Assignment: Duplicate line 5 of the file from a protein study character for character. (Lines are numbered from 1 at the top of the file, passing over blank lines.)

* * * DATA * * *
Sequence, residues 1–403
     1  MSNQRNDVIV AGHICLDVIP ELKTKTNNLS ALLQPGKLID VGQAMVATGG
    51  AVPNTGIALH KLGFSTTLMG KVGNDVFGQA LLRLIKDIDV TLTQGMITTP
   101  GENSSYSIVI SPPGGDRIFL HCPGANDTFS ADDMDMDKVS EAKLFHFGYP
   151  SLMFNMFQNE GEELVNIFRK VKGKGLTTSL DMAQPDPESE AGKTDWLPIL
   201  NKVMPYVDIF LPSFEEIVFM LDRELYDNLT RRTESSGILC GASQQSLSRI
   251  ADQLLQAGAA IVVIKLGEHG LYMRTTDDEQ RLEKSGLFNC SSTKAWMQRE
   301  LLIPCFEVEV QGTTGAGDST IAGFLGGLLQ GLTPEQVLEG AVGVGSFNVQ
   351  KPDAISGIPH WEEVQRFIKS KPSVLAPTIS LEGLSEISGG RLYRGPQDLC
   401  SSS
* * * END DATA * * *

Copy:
   151  SLMFNMFQNE GEELVNIFRK VKGKGLTTSL DMAQPDPESE AGKTDWLPIL